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William Stratton Ray, Jr.

Died: January 26, 2016

Stratton, son of Ebba Rudie Ray and William Stratton Ray, came to Yale from Middletown, Connecticut. He attended Buckley High School in Hartford. At Yale he held both the Suisman Foundation and National Honor Society scholarships, and majored in English. He was a member of Pierson, and participated in the Pierson Players, the Arts Festival Committee, and the Yale Arts Festival (photography chairman). He also served in the Dwight Hall Tutoring program. He took a leave spring semester 1964, and graduated in 1967.

After briefly attending Columbia Law School, he began a distinguished career teaching languages, earning an Ed.D. from Columbia Teachers’ College in 1989. He then served as a DX language testing specialist at the U.N. and later taught English As a Second Language at New York’s Fashion Institute of Technology. As his daughter recorded in his obituary, “His colleagues and former pedagogy students remember the great sense of support they felt from him, and how his humor helped to ease the stress of standing up in front of a new class. He was a community builder- committed to connecting with students and learning their stories.”

In June 1970 Stratton married Virginia Ann Wright, whom he had met in Pittsburgh. They shared many adventures around the world and in 1992 adopted daughter Stephanie Wright Ray in Medellin, Colombia. After Virginia died from cancer in 1997, Stratton and Stephanie lived first in New York City, and then spent five wonderful years in the Quaker community in Monte Verde, Costa Rica. They returned to Salt Lake City so Stephanie could finish high school, and in 2012 moved to Northampton MA while Stephanie attended Mt. Holyoke College. Stratton died from kidney cancer January 26, 2016. A memorial service was held March 6 in Needham, MA. Stephanie concluded the obituary for her father with this moving statement:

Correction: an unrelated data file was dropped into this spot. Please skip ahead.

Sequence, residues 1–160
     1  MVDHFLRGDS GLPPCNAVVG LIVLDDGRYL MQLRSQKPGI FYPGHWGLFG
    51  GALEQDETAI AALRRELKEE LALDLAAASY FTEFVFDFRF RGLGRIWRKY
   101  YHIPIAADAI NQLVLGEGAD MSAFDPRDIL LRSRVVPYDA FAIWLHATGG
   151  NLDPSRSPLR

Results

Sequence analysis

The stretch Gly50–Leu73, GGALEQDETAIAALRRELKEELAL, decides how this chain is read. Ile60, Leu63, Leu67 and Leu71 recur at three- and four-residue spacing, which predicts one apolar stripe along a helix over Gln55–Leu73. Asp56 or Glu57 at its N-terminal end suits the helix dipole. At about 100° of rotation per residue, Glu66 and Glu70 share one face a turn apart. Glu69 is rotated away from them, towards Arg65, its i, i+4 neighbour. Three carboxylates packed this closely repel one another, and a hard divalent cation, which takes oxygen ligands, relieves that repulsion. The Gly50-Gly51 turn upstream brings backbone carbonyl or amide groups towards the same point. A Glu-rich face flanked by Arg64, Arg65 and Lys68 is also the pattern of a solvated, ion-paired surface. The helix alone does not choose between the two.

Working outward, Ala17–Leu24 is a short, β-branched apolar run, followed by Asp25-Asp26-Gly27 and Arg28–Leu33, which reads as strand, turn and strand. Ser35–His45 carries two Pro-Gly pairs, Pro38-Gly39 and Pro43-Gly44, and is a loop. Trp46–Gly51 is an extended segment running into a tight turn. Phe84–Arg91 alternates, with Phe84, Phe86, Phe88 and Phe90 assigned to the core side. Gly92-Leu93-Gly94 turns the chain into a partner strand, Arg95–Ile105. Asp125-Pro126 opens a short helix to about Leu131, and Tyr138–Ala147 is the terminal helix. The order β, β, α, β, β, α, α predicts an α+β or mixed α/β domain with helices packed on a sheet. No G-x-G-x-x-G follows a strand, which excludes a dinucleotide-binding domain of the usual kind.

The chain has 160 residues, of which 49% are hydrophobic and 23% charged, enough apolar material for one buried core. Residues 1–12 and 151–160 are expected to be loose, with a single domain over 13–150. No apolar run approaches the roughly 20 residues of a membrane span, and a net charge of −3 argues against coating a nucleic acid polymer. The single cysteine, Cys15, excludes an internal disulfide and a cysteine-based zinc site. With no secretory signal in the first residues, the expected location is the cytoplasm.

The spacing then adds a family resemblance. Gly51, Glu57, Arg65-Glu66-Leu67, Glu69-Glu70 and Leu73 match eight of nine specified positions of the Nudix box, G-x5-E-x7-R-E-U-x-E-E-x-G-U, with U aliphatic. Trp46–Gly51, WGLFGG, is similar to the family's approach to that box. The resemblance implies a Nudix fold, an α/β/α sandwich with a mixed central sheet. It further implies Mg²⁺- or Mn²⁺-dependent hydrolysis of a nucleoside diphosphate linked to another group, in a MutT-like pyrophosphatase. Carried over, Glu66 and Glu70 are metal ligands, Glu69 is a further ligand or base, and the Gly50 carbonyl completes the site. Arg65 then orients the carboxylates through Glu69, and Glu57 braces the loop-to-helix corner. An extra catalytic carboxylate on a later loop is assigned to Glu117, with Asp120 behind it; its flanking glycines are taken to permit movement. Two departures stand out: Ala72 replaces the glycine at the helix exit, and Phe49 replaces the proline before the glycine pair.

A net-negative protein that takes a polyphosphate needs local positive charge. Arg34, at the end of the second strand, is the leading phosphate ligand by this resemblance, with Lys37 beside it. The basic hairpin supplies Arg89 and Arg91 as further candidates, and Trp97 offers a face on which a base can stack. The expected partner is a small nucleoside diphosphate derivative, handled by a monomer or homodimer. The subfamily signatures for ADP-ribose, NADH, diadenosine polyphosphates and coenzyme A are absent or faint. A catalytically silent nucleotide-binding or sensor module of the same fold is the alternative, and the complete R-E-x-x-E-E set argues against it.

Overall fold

“Wherever he lived, Stratton found ways to share his love of languages and music, teaching in his community, singing in choral groups, and taking private voice lessons. He will be remembered not only for his beautiful baritone voice but also for the sheer joy he found in singing music from Verdi to Hoagy Carmichael. Even at the end of life, he was testing out his breath and memory by singing a Puccini aria. His love of literature remained until the end as well; he and Stephanie were reading Pride and Prejudice, Moby Dick, and other classics together, with Stratton completing many lines from memory. Stratton was a remarkable father who opened the world to Stephanie and nurtured each community in which they lived. He touched innumerable lives with his kindness, wisdom, and wit.”